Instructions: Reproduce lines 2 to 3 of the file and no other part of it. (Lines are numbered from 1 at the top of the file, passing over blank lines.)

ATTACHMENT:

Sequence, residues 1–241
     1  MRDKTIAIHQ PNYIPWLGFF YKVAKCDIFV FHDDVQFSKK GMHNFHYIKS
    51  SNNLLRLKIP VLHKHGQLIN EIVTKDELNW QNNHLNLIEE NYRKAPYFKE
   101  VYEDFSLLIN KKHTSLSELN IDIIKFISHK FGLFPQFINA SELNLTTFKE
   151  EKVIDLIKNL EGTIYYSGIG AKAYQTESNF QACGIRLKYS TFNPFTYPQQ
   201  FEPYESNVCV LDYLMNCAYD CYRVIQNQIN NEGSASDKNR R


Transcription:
     1  MRDKTIAIHQ PNYIPWLGFF YKVAKCDIFV FHDDVQFSKK GMHNFHYIKS
    51  SNNLLRLKIP VLHKHGQLIN EIVTKDELNW QNNHLNLIEE NYRKAPYFKE